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BY HARTRIONO B. SASTROWARDOYO
Residents fear location of material, noise
EAGLESWOOD — The Township Committee at a special meeting Monday night passed a resolution supporting the long-planned $1.75 million state dredging of Westecunk Creek, calling for the project to “begin as soon as feasible as possible.”
“The money is there. The site is available. It would be nice to move it along,” said Mayor James R. Pine. State Department of Transportation and state Department of Environmental Protection officials present at that meeting forecast a start date no earlier than June 1, 2008.
Most of the contention, though, has been not over the project itself but on where to put the material, known as dredge spoils, culled from the bottom of the waterway. The state plans to use 17.2 acres of an almost 26-acre lot at the end of Dock Road to place the spoils, a parcel that had been used for materials from previous dredgings of Westecunk Creek.
“If you didn’t know, you wouldn’t realize that it had been used for that before,” said Trudy Jeffries by telephone on Tuesday. Jeffries, who attended the meeting, is a resident of The Coves section of Stafford who is looking to purchase property in West Creek.
Most of the 75 seats in the room at the Eagleswood’s municipal building were taken at the meeting, and some people chose to stand in back.
Some residents, opposed to where the spoils would be placed, have formed the Edwin B. Forsythe Wildlife Refuge Residents Association to block that part of the project. A DEP spokesman has previously said that the lot in question belongs to the DOT and is not part of the refuge. In addition, Benjamin Keiser, acting manager with the DEP’s Bureau of Coastal Engineering, said on Monday that the agency “did not see, verify or notice” that the parcel contained wetlands, either.
The association, as well as other residents also fear the anticipated noise and smell, and that the Dock Road parcel will be used to place spoils from other projects. Keiser said that the use of the Dock Road site would be limited to those projects within a four-mile radius, and that currently, only a dredging of Parker Run in Little Egg Harbor would use the Eagleswood site.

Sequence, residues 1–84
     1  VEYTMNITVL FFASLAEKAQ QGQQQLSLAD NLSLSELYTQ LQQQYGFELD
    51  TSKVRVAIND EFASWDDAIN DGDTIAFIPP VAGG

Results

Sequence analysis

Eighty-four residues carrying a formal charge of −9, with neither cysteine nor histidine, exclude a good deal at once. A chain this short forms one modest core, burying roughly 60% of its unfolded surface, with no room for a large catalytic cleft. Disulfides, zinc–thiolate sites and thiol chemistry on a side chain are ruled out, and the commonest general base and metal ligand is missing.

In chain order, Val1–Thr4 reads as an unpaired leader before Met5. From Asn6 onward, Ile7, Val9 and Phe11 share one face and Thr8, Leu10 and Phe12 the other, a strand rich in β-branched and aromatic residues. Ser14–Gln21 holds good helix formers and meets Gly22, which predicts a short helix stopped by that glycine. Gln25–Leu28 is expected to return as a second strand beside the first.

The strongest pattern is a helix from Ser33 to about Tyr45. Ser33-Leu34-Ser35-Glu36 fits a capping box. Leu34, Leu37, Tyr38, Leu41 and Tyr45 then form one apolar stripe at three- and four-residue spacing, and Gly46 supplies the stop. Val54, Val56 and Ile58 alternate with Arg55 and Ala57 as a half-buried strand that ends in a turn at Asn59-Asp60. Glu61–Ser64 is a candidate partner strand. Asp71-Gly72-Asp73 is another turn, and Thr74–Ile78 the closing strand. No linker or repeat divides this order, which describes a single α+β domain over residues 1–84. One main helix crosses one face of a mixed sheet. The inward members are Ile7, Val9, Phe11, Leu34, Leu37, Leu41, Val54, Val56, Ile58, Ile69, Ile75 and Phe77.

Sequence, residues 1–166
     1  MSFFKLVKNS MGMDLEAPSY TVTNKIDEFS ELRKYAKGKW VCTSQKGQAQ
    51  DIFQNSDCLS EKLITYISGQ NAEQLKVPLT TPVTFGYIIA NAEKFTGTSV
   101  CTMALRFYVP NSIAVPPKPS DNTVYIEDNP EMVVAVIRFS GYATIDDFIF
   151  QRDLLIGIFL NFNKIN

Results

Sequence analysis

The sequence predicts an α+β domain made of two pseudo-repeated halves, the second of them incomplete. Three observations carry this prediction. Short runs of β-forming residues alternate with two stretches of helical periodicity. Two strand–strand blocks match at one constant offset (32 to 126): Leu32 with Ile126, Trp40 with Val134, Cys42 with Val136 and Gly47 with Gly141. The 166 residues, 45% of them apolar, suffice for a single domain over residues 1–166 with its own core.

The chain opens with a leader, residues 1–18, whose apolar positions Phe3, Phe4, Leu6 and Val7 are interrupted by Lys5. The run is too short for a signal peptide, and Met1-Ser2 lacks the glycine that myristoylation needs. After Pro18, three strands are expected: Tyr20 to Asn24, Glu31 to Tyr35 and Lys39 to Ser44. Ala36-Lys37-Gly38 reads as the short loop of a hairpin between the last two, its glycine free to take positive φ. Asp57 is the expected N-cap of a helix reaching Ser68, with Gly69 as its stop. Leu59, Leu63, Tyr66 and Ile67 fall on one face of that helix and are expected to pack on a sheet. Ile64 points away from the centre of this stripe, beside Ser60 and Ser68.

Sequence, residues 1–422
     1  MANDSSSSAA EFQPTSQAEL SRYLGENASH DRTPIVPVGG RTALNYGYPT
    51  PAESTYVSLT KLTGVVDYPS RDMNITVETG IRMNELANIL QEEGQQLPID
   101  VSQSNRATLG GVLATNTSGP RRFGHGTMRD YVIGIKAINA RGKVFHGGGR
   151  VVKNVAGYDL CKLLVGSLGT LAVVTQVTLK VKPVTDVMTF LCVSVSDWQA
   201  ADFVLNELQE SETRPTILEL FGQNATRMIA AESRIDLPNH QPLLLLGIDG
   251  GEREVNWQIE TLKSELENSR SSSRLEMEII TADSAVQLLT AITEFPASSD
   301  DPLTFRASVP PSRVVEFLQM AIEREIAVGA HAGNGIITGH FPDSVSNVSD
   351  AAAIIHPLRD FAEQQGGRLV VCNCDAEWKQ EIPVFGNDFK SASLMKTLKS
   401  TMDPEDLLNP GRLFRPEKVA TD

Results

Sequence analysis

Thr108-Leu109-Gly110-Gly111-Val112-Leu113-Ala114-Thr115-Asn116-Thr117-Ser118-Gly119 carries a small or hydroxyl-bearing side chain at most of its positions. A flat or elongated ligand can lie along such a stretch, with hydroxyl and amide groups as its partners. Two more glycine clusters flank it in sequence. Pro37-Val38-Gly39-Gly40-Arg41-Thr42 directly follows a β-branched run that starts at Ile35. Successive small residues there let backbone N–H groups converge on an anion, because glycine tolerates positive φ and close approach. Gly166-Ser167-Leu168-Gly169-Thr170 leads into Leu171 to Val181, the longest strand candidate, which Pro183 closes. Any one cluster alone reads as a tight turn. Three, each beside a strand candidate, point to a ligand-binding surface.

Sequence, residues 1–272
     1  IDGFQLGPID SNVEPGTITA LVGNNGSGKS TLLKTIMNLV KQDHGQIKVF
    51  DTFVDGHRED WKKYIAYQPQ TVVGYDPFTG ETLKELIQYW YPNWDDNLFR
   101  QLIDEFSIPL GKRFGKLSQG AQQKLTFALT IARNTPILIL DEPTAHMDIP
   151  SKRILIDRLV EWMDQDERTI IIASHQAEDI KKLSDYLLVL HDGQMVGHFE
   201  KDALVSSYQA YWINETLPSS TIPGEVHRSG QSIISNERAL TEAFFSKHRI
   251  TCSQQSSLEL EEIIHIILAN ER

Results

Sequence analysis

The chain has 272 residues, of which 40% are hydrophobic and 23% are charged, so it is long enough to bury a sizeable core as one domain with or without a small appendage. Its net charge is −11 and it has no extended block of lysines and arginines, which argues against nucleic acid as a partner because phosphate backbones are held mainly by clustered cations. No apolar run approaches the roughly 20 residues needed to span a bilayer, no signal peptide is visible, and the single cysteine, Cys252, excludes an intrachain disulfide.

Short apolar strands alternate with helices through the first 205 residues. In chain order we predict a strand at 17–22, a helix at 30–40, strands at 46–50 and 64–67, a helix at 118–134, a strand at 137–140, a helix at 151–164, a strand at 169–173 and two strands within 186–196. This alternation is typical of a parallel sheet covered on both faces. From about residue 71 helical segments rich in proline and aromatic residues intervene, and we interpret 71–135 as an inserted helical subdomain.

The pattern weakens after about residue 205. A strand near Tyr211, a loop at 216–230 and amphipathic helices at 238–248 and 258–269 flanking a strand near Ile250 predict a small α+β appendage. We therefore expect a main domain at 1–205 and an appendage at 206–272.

Answering another question, Keiser said any material removed from the Dock Road site in the future would occur only with the approval of the state DOT as well as Eagleswood’ Township Committee. Pine concurred.
“I would rather see that (lot used for spoils) rather than townhouses,” Jeffries said, alluding to one proposed use for the property. “See what happens to your peace and quiet when that happens.”
David Fox, 53, said following his public comments that the meeting was “a dog and pony show.” Fox is in favor of the dredging but has concerns over the noise, among other issues. He proposed that the state agencies either construct a 200-foot-wide buffer from the street to where spoils are to be placed, or swapping the land with a parcel behind the Route 72 Causeway’s famous falling-down shack, which Keiser said was not feasible because the Stafford land was part of the wildlife refuge.
“They’re going to do what they please,” said Fox on Tuesday, adding that he spent seven years building a home for himself on Dock Road.
“They don’t want to hear about a buffer zone. They don’t want to hear about a land swap. They just want to do it. Put it (the spoils site) across from Keiser’s or Boehm’s (Genevieve A. Boehm Clifton, a program manager at the state DOT Office of Maritime Resources) home and they wouldn’t like it either,” Fox said.
Stuart J. Lieberman, a lawyer with Princeton-based Lieberman and Blecher and spokesman for the Edwin B. Forsythe Wildlife Refuge Residents Association, called the meeting “interesting.”
“There were a lot of things said, a lot of deception and misinformation,” Lieberman said Tuesday, citing as one example the state purportedly increasing the capacity of the spoil site from 280,000 to 295,000 cubic yards.